The road to self destruction

It must be the most efficient, effective and certain road to take to self destruction. The formula is simple, over pricing and over paying and let them run to their natural ends. Let the cost of living run free, be delirious with all the high property prices and cost of doing business. Let all prices go one way, up, to give the impression of quality and well being. And as all things get more costly, pay the employees more so that they can afford them, or if not, still appears to be catching up with the runaway prices. Feel good to pay $100k for a car when others only need to pay $20k. Feel good to pay $100 per visit to a doctor when people can pay $10. Feel good to pay $10,000 for a stay in the hospital when others pay $300. And there will be this illusion of richness. A million dollar used to be able to buy several landed bungalows. Now you will need several millions just to buy a sem D. The old property owners might owned several properties, but could only called themselves millionaires. Does not sound great when every private apartment owner could possibly be holding to a million dollar property. Now the rich will flash around with their self worth in the billions. One day when paper value disappears, owning 10 houses is still 10 houses. One apartment is still on apartment. A car is still a car, be it $100k or $20k. In the mean time, keep paying and keep chasing the runaway prices. See how many more years can this go on before it collapses under a moutain of banana notes. And people are encouraged to buy annuities that will pay $300 of banana notes in the future.


Anonymous said...

The illusion of wealth is already around, people borrowing heavily to buy properties, cars etc. Almost everyone in Singapore is a property owner courtesty of the CPF money meant for old age. Wait till the property bubble burst like Japan ten years ago. The Japanese still cannot find their feet after ten long years.

Matilah_Singapura said...
This comment has been removed by the author.
Matilah_Singapura said...

But how is it that they can borrow?

Simple answer: soft money policies of the banks (MAS central bank and Goh Chok Tong to blame) leading to lots of credit money being produced.

Interest rates are artificially LOW which means there is a disincentive to save money, and an incentive to BORROW and spend and BORROW and invest.

So people BORROW to spend, and invest driving UP the prices of investments and scarce producer goods—like petroleum—whose increase in price flows onto other goods and services.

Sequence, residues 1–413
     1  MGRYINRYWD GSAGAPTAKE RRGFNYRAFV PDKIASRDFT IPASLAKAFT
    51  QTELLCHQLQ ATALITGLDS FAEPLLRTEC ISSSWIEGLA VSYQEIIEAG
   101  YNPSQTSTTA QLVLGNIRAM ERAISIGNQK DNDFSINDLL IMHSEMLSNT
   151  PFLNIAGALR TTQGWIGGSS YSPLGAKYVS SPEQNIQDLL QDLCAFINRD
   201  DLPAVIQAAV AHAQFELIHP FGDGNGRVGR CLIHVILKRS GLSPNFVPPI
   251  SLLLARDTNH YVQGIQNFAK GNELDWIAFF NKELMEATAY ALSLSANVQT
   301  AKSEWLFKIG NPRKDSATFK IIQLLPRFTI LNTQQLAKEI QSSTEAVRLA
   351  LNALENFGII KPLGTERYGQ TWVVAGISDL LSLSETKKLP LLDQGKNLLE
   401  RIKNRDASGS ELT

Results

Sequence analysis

And this borrowing and spending/investing is not matched by SAVINGS—the money being used is "created out of thin air" in the centrally-managed (MAS) fractional reserve banking system; and there is a "fight for funds" between spenders and investors.

Spender: "Wah interest rates low, all my bankers offering good credit terms... I think I'll buy a Lexus, a Condo and a few club memberships."

Investor: "Wah people are demanding more cars, more homes and more entertainment venues.... interest rates are low—money is CHEAP—so let's BORROW to expand our business to meet and anticipate the market demands."

Meanwhile, there's very little saving going on. However there is PRODUCTIVITY. China is (still) booming despite toy recalls and toxicity warnings. Industrial sectors doing well too. These folks put their earnings into the banking system.

But instead of lending out at a 1:1 ratio, the banks lend out at (for e.g.) a 1:10 ratio. That means for every one dollar in savings, the bank lends out NINE BUCKS IN CREDIT.

When the credit money is absorbed into the system, it is indistinguishable from the "real" uninflated money—i.e. all the printed paper dough has the same Dead President's picture on them. So people go about their lives merrily believing that "times are good"...some of the credit money ends up back in the banks, who piggyback another 1:10 inflated money on top.

So what happens it that there are CREDIT BUBBLES right through the entire capital structure of society, which create this "illusion" of success.

It is interesting to note, that all great civilizations collapsed because their financial exchange mechanisms failed. (i.e. money is a medium of exchange)

The greedy monarch, or the conquest-hungry government tinkered with the money by DEBASING it, and the civilization became EXTINCT in the worst cases, and at the very least experienced a DECLINE in living standards.


1 Roman empire

2 Hitler's Nazi's 3rd Reich

3 Spain

4 Great Britain

5 JAPAN as mentioned by anon 122

etc etc.

Monetary inflation is very bad. On the self-experiential, self observation and empirical level, you can witness this yourself:

1 A general feeling of wealth and success

2 Yet a foreboding feeling that some kind of "market correction" will wallop the population

3 A need to "get serious" with the stock market and real estate

4 A need to "get serious" with acquiring more material stuff

5 A feeling of being spiritually lost, and therefore a desire to "get serious" about spirituality...

....and so on. Fucking hell, can you see the contradictions?#!$


Anonymous said...

~ yawn ~

primary 6 or 8 talking?

* elle *